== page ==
Makeover Decision No. 3

It was during one of these early consulting sessions that Mark brought a specific concern to Levi.

“I think it was the second question I asked him: ‘What do you think of the name?’” Paup recalls. The name “City Rule” had come with the company. And though the team had its “Rules to Live By” tagline, the name of the company had always confused its customers.

While Levi didn’t have too many negative things to say about the name at the time, he admitted that maybe it was time for a change.

Building on its base of “rules,” the company decided to go with the name “Golden Rule.”

“The name should convey what a company stands for and build momentum by tying nicely to an integrated tagline, which is, in essence, a company’s real mission statement,” Levi says. “‘City Rule’ didn’t accomplish this, but ‘Golden Rule’ locked into ‘Rules to Live By’ perfectly.”

Because the Golden Rule is the ultimate rule to live by, I tell Paup.

“Right. Exactly,” he agrees, smiling.

Now, after the name change - which actually took three years to make official - all other changes fell into place, not the least of which were newly wrapped Sprinter vans for Golden Rule’s blossoming service business.

“With the new trucks - the rolling billboards - the name change created a logo that we could then brand into everything we do: our shirts all the way down to our magnets,” Paup says.

A new name wasn’t the only thing that changed at the company.

In the beginning, it was mainly Mark, Miranda and close friend and field supervisor Tom Blair running the show. With nearly 50 employees, Golden Rule would have to delegate and train more people to get the job done.

New-hire Nicole McNamee-Blair was welcomed to the office manager position. With her on the team, Miranda finally had a break (she had been the sole office person for the first five years).

A few more customer service representatives were hired to field calls and follow up with customers. Two system engineers (the “salesmen”) soon followed, along with an install manager and a full-time dispatcher.

Then, with Levi’s help, Paup created weekly meeting dates for technician training.

Tuesday morning is sales training. Techs review their scorecards - which are tallied daily - and role-play customer interaction.

These meetings have gotten a great response from the guys. “When they started, these were techs who said, ‘I want to go in, fix this toilet, and leave.’ Now we do everything COD. They have to go in and talk to customers,” Paup explains.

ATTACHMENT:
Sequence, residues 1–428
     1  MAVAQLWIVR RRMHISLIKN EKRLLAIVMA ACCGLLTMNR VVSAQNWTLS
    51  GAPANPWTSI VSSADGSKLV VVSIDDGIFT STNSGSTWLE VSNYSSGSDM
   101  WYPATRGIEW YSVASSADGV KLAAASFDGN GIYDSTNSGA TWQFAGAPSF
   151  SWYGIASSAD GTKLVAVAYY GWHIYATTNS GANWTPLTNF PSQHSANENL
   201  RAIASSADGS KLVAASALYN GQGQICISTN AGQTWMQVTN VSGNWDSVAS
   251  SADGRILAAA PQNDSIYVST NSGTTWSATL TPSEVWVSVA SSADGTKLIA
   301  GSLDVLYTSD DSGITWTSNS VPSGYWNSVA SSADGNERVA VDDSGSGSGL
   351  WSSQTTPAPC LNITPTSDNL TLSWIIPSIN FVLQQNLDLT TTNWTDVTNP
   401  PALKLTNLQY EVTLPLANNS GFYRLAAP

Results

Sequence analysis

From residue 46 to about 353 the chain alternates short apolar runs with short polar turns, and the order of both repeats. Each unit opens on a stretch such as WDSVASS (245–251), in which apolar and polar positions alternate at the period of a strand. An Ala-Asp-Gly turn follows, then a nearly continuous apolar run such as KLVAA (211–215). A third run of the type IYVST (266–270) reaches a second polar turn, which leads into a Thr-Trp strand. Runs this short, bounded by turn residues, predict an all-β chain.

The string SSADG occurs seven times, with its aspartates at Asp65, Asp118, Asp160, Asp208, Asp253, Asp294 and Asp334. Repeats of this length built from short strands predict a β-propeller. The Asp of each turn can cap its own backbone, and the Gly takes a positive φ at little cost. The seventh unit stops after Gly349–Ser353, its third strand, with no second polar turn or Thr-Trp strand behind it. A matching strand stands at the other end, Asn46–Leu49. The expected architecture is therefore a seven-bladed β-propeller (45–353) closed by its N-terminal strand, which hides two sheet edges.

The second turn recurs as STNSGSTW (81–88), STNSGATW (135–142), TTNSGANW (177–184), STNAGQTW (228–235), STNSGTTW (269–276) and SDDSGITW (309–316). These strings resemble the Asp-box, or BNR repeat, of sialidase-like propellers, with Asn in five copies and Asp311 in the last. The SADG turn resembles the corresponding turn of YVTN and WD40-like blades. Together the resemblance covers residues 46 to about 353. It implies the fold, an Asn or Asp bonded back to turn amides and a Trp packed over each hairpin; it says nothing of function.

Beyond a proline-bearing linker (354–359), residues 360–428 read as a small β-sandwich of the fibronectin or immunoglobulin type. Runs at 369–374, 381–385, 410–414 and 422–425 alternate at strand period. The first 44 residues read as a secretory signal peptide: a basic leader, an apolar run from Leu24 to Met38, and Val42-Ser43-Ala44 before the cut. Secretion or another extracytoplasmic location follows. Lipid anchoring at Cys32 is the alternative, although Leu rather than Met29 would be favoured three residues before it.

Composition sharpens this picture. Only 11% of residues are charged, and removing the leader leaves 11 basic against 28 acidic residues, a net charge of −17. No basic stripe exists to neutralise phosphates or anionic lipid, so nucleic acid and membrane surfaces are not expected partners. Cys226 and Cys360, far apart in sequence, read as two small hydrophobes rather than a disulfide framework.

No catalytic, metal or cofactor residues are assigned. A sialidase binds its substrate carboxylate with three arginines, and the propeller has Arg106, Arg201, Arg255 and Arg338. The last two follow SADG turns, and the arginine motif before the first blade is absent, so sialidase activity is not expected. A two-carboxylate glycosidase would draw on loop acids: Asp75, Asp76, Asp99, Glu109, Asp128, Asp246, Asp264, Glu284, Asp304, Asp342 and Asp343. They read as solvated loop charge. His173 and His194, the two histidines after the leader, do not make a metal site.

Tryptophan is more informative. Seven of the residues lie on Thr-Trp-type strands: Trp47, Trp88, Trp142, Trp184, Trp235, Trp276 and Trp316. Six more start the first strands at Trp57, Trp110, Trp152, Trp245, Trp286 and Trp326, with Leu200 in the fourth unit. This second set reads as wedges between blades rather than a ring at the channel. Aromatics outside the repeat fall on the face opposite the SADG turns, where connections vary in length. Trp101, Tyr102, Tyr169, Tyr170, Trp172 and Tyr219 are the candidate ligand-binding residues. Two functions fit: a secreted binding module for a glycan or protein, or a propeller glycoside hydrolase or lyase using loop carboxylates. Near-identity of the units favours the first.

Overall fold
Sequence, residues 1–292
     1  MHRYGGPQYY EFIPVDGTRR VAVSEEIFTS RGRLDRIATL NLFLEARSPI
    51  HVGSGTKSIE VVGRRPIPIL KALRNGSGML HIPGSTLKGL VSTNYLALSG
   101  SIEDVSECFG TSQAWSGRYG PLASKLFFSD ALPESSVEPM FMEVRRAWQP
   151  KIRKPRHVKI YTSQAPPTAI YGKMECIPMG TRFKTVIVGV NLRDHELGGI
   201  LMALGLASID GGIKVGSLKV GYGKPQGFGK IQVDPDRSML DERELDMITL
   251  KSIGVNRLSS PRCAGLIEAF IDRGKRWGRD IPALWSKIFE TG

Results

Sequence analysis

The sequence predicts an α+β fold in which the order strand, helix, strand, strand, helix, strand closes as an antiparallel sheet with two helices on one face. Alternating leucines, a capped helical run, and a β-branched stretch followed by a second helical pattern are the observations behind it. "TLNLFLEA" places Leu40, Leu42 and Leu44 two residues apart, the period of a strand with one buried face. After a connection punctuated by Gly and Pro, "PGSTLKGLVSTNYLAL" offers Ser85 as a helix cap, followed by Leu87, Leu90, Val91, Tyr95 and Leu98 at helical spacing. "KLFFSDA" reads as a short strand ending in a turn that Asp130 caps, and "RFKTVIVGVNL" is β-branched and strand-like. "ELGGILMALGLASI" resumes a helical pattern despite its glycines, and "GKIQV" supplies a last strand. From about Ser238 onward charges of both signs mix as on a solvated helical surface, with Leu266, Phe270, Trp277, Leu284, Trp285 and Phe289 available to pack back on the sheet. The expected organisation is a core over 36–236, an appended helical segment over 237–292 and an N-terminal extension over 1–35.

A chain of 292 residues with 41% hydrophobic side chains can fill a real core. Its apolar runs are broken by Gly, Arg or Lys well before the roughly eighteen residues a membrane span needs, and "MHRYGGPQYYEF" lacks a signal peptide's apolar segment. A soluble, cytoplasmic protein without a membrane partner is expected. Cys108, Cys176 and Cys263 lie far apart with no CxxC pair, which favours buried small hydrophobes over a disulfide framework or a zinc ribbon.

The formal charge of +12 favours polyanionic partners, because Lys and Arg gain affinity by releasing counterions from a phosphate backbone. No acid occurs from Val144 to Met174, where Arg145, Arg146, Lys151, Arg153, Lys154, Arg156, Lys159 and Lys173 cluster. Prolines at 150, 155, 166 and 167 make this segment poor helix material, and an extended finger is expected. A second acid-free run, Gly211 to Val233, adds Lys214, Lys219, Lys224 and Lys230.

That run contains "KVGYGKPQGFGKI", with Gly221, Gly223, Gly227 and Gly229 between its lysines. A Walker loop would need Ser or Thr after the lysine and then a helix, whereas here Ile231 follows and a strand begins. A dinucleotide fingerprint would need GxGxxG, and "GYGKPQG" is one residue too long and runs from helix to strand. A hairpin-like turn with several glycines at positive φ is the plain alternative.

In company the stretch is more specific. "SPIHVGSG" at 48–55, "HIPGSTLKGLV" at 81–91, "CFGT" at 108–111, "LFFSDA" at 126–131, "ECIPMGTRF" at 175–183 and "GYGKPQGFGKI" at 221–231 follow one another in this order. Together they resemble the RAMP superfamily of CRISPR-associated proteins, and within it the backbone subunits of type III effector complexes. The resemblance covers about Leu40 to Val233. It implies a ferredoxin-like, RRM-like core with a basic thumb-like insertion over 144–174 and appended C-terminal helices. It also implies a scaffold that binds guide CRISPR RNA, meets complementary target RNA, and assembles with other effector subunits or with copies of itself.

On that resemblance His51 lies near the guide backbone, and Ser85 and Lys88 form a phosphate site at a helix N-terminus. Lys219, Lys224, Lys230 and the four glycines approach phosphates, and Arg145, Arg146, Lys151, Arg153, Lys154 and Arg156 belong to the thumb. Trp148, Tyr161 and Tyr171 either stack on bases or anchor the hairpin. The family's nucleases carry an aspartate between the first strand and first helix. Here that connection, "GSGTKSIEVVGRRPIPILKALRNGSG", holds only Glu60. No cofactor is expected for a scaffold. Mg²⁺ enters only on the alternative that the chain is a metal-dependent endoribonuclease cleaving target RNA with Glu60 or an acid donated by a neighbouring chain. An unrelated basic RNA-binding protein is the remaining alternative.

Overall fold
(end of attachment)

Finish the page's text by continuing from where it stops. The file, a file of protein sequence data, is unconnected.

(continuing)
As with any company that likes to know where it stands, Golden Rule hands out surveys to its customers. Paup tells me the response rates have been steadily growing and have garnered favorable reviews. “Our guys are putting on their booties. They’re creating the conversation, and making an impression.”

Paup tells me that one sticking point has always been customer price objections. “We started with good techs who weren’t salesmen. Now you have to be both tech and sales.” While Golden Rule techs were good at offering the service, they were falling down with any price objection from the customer. “That’s where the training and role-playing has come in. And nobody’s going to be harder on them then their own peers,” he adds.

Mark and his team came up with GOLDEN - a sales acronym to help technicians in the field easily remember their training:
    Get pumped.

    Open the call.

    Look and listen.

    Diagnose the problem.

    Energize your presentation.

    Need to ask for the sale.
However, even with Levi’s guidance, Mark and Miranda still found they had things to learn. Especially about getting to a known financial position (KFP). And who better to show them the way than PM’s own Ellen Rohr of Bare Bones Biz.

“Before working with Al and Ellen, we tried to get a compensation program in place. But we kept failing and bombing because it was getting so complex,” Paup recalls. By getting Rohr on board, Golden Rule got to KFP PDQ.

Rohr put the company’s financial metrics in place, and tied it into a bonus and compensation program called “Reward the Right Stuff.” It gave the staff the “WIIFM” they needed to go beyond what they had achieved before.